Relax. The Government Doesn’t Want to Take Over Your IRA or 401K…but some changes could be on the way
Have you heard that the government wants to take over your IRA and 401k and convert them into accounts managed by the Social Security Administration? Have people you know been insisting that the Obama administration wants to create a “national retirement system”? The rumor mill appears to have started churning thanks to a 2010 article from the National Seniors Council. A little research shows that the group’s claims are based on deliberate distortions of key facts.
As described in FactCheck.org’s report on the “IRA takeover” issue, part of the controversy arose when writers and bloggers misrepresented testimony before the US House Ways and Means Committee by David C. John, Senior Research Fellow at the Heritage Foundation. During his testimony, Mr. John proposed what he called an Automatic IRA – a plan supported by both John McCain and Barack Obama during the 2008 presidential election. Mr. John suggested that employers above a certain size, who do not currently sponsor employees’ retirement planning, should facilitate their employees’ savings, without being obligated to match any contributions or comply with fiduciary standards. As John puts it, an employer would “simply act as a conduit, remitting a portion of their employees’ pay to an Automatic IRA, preferably by direct deposit.” Employees could opt out. The Automatic IRA idea did not involve any sort of “takeover” as the article from NSC suggests.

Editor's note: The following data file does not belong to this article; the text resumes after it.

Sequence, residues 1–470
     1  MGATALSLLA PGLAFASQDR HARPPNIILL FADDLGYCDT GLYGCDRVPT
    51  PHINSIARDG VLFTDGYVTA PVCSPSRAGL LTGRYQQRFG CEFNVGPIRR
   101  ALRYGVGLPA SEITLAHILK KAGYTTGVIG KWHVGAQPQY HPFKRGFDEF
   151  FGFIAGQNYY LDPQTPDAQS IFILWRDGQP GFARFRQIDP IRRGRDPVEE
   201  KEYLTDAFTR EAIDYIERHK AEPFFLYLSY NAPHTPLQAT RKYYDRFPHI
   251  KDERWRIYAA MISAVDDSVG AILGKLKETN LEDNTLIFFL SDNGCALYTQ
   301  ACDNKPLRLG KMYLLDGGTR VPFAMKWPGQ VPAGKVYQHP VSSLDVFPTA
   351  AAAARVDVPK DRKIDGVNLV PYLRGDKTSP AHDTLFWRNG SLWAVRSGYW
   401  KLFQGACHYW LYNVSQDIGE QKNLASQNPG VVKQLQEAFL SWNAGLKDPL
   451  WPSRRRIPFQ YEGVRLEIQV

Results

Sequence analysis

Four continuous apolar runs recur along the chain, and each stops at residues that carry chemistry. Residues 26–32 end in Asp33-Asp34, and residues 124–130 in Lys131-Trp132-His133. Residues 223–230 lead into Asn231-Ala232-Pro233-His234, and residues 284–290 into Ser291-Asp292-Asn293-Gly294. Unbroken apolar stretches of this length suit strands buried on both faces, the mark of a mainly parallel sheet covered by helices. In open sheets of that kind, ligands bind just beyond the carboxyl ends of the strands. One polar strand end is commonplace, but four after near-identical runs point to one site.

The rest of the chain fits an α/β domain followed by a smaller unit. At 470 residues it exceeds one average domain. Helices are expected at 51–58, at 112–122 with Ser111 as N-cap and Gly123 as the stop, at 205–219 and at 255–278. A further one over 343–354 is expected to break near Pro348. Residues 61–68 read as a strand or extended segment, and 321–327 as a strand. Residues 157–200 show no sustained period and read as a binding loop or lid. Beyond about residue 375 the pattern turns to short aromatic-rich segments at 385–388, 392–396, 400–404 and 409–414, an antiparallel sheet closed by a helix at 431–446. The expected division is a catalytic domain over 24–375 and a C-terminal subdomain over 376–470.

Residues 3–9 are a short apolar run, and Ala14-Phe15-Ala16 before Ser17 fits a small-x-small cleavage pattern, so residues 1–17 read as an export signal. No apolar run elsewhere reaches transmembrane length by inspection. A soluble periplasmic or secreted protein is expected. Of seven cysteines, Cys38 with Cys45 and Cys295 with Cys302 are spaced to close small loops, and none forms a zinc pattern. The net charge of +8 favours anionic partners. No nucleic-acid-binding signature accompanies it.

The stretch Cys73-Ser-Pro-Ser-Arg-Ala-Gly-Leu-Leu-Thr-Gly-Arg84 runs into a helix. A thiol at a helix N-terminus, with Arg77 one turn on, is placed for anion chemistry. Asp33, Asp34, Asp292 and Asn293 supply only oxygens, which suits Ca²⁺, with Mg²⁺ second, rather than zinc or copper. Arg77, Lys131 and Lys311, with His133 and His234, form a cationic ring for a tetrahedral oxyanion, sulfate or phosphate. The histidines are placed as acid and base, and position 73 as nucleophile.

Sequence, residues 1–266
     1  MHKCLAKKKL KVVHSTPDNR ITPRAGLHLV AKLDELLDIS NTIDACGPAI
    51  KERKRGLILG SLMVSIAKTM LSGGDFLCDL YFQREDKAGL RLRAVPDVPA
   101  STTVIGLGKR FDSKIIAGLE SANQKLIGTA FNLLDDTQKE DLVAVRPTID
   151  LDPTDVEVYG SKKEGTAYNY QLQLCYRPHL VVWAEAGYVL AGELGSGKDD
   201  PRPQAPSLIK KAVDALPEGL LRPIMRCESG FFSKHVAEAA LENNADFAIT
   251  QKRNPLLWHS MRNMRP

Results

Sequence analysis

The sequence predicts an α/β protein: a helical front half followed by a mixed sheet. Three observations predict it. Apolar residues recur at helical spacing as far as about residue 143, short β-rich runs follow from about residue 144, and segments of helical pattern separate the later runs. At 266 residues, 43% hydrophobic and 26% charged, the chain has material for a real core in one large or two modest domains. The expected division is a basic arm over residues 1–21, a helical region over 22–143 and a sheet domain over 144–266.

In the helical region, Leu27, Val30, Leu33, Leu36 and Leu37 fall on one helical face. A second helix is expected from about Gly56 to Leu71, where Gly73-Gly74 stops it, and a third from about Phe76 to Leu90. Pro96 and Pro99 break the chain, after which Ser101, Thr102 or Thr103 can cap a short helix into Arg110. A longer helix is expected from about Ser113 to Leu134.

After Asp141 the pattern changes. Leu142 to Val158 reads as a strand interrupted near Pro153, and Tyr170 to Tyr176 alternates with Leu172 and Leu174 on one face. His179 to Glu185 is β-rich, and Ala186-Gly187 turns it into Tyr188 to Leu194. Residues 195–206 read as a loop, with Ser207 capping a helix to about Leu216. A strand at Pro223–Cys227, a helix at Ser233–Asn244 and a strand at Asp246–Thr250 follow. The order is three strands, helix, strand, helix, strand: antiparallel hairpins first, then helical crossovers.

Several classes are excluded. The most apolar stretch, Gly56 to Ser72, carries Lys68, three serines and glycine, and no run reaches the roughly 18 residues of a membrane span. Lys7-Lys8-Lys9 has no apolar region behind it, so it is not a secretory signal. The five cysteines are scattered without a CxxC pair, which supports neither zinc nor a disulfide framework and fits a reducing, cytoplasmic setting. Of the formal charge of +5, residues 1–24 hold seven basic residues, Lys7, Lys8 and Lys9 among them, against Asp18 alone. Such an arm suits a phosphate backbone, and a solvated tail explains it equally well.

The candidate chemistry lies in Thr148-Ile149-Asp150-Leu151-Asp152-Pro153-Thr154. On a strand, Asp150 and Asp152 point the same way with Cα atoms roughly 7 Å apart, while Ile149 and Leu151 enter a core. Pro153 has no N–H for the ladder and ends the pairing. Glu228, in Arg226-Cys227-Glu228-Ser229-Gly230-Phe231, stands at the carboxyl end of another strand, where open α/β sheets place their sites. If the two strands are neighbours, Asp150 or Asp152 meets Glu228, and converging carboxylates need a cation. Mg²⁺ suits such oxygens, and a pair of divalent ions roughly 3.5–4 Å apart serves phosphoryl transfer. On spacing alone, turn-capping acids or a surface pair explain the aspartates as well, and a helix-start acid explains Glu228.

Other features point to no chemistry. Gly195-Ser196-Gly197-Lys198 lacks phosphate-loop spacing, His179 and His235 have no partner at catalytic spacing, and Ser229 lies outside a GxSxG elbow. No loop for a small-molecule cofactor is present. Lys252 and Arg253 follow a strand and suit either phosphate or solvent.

However, the Senate considered changing rules about IRAs in February 2012, with the introduction of S. 1813, a transportation bill that, curiously enough, included a provision about inherited IRAs. As detailed in the Wall Street Journal, the originally-proposed measure would have limited the allowed IRA withdrawal period to just 5 years for inherited IRA’s, instead of letting beneficiaries stretch withdrawals across their life expectancies. Withdrawing funds from an inherited IRA subjects them to taxation, and reducing the permitted withdrawal period would have a number of repercussions on investment planning, estate planning, and retirement planning. The measure was later stripped from the bill, which is a good thing for those who want to minimize income taxation for their heirs. Limiting the tax-free accumulation period by requiring a full withdrawal in only 5 years would have had tremendous effects for investors and their families.
Both the rumored “government takeover” of retirement funds and the failed proposal to limit stretch IRAs for heirs illustrate just how dynamic the estate planning process can be. As the government continues its efforts to reduce the budget deficit, IRAs and 401k’s remain potential sources of tax revenue. We may yet see legislation that could radically change investment and retirement planning.